Industry calls for regulation of ‘embodied carbon’ 

Speakers at Sustainabuild Scotland

SCOTTISH industry leaders have said ‘embodied carbon’ regulation is urgently required to accelerate the decarbonisation of the built environment.  

Embodied carbon is the term to describe greenhouse gas emissions arising from the manufacturing, transportation, installation, maintenance, and disposal of building materials. 

This issue was discussed at a recent Sustainabuild Scotland event in Edinburgh where industry professionals gathered to discuss the role that building materials play in the country’s journey to net zero. 

Matt Colgan, director of Sustainabuild Scotland, said: “Despite many innovative solutions available to help address the impact of embodied carbon, it is clear that without government regulation, support and financial backing, industry-wide adoption will prove challenging, and the industry will not stand a chance in achieving its net zero targets by 2045.” 

The newly launched sustainable event at Edinburgh Park hosted key industry speakers who shared their sustainable building innovations – all which they said have the potential to significantly reduce carbon emissions of building development. 

All three speakers raised the same issue around the desperate need to reduce embodied carbon in the delivery of any building project – which can account for up to 75% of a building’s lifetime greenhouse gas emissions.

The Scottish Government recently announced that from January 2025 all new build homes will have to meet a new Scottish version of the Passivhaus standard, meaning they will be expected to be highly energy efficient and well ventilated. However, at the event, industry leaders agreed more needed to be done to tackle the climate crisis, calling for tougher regulations around the amount of embodied carbon created to build these new ‘Passivhaus standard’ homes. 

Lucy Black, head of business development at Kenoteq, which produce the K-briq, a low carbon, sustainable brick made from almost 100% recycled content, said: “Unlike operational carbon, embodied carbon is not currently regulated, so a project could be declared sustainable in operational carbon terms but be built from the most unsustainably sourced materials. Even a Passivhaus could be made using carbon heavy concrete. Innovative embodied carbon saving solutions are plentiful but because of higher costs and lack of regulation, we are likely going to fall very short of our net zero targets.”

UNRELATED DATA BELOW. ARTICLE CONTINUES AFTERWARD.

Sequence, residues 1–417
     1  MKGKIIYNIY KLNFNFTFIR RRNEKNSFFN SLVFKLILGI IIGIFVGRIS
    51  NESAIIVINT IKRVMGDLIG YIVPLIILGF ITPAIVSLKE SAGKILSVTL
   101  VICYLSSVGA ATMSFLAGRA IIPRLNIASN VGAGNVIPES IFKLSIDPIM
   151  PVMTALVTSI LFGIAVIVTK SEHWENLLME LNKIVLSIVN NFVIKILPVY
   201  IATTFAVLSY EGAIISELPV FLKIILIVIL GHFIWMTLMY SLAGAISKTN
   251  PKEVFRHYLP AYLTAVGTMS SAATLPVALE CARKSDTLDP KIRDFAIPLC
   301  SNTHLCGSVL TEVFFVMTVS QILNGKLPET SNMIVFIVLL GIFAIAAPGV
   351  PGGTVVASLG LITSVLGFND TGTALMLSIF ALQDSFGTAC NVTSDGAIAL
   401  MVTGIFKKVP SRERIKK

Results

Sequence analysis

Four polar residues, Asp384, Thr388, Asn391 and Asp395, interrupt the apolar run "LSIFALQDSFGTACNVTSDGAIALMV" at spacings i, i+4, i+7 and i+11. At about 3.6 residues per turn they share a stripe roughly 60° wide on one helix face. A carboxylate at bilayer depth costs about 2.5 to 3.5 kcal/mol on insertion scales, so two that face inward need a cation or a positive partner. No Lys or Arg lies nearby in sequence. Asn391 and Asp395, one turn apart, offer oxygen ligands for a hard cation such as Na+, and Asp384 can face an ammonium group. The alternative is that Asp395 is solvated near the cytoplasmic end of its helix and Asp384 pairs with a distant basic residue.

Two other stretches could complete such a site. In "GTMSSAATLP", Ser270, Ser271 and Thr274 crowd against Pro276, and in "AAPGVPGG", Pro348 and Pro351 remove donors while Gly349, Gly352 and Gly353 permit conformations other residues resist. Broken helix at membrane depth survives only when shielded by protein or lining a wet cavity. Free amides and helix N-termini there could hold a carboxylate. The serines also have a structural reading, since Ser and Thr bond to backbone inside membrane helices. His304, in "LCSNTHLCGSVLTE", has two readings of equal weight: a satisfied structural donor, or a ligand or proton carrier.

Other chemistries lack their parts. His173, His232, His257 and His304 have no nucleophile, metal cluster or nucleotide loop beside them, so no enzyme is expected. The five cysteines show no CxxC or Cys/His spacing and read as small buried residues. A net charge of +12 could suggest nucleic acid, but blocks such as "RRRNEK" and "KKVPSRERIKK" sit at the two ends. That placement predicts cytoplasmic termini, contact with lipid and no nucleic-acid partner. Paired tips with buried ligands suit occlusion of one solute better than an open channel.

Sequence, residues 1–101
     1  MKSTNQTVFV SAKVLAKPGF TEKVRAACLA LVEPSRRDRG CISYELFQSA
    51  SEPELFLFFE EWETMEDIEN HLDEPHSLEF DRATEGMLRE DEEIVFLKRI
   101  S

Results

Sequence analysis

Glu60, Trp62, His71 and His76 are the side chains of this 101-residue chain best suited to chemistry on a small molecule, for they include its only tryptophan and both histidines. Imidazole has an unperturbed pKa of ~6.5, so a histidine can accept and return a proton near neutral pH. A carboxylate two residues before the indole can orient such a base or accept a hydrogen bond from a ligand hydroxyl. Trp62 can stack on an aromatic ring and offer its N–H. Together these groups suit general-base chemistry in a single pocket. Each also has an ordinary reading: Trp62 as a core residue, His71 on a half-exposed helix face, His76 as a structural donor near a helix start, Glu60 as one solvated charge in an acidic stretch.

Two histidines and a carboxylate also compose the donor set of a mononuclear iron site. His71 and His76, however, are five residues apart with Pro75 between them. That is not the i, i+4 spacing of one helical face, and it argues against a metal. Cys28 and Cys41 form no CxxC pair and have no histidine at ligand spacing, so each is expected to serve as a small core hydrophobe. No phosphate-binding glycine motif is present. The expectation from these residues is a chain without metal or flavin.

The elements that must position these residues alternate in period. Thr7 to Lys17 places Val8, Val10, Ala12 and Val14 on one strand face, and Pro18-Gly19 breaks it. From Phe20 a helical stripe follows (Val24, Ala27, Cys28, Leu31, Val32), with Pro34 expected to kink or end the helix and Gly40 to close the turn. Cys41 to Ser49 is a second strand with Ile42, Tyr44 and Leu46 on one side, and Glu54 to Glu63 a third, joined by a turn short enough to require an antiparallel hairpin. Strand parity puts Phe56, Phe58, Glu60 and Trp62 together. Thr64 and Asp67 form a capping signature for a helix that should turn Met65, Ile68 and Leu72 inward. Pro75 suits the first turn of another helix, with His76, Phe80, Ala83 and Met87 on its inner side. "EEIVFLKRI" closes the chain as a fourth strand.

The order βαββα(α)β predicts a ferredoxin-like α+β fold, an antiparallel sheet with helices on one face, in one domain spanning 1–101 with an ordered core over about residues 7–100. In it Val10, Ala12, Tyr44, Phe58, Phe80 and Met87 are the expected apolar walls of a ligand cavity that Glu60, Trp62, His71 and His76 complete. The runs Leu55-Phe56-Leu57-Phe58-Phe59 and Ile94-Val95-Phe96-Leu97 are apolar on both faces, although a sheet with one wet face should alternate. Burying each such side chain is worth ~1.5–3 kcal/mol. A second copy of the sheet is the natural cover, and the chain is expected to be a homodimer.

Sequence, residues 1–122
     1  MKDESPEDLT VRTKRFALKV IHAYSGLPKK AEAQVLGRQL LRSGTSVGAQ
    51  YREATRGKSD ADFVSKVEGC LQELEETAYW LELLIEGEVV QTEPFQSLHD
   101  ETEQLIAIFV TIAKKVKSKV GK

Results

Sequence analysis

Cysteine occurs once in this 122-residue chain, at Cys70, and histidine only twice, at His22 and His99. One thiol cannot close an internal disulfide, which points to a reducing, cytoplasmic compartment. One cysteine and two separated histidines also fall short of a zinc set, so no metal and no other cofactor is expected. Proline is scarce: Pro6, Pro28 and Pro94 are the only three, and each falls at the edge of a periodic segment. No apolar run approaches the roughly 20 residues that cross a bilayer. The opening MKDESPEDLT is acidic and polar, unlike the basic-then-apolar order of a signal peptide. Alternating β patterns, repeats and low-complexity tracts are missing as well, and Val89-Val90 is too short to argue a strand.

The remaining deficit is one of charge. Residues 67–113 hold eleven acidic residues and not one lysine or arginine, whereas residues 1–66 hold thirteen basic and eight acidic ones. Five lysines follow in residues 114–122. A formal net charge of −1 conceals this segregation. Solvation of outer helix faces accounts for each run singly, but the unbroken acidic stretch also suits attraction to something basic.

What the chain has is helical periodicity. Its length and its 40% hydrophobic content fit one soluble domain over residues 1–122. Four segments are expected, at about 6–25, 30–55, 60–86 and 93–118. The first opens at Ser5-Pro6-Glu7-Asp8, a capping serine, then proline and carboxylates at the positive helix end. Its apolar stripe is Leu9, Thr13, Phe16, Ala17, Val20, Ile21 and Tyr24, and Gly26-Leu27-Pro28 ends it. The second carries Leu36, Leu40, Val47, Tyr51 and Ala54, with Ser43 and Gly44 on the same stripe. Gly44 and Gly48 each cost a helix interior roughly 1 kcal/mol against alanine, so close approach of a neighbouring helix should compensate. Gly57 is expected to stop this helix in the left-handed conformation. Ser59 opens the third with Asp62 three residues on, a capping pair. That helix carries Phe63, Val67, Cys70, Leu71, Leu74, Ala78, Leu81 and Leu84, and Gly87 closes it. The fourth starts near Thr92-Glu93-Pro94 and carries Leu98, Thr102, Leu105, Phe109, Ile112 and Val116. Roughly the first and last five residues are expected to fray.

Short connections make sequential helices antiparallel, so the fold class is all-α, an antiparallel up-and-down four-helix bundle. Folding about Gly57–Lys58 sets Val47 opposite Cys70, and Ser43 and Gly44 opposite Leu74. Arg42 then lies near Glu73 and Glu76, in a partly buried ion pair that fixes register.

Mike Stevenson, senior manager strategic markets for of NorDan UK, which produce energy-saving low carbon windows, said: “It’s essential that as an industry we think about the whole life cost of any building product. We produce quality windows which are designed to last beyond 60 years. Sadly, there are some who will opt for a far inferior quality of product, purely down to its lower initial capital cost, while having no sustainable benefits and will need to be replaced up to three times in the same period. The industry is repeating the same actions and expecting a different result – quite literally the definition of insanity. We must take action now for the future, prioritising eco-friendly and whole life solutions to minimise climate impact.” 

Sam Baumber co-founder and chief operating officer of IndiNature, which make high quality natural fibre insulations, said: “Europe is way ahead of us on the production and use of bio-based materials in construction including industrial hemp which is a wonderfully sustainable material used for insulation as part of the building process. 

“This plant literally sucks up carbon as it grows each year – helping create products that capture and store carbon in buildings. Here in the UK, it is now an exciting time – there has been investment of millions of pounds to establish production and first certification of this carbon negative technical insulation and other products, which has unlocked the ability of retrofit and new build projects to use natural fibre insulation at scale. The challenge is that without more regulation around embodied carbon in construction, or finance models to support slightly higher upfront cost in these early stages, these products may be overlooked, and cheaper and less sustainable products may just keep on being opted for, missing the opportunity we have now for change at scale.” 

Sustainabuild Scotland Breakfast Club is a monthly event designed for professionals focused on driving sustainability in Scotland’s built environment and construction sector. Each month features a different theme with expert speakers. 

The next event is Thursday 28th March, with the topic, ‘Net Zero Buildings.’ 

You can sign up to the event here

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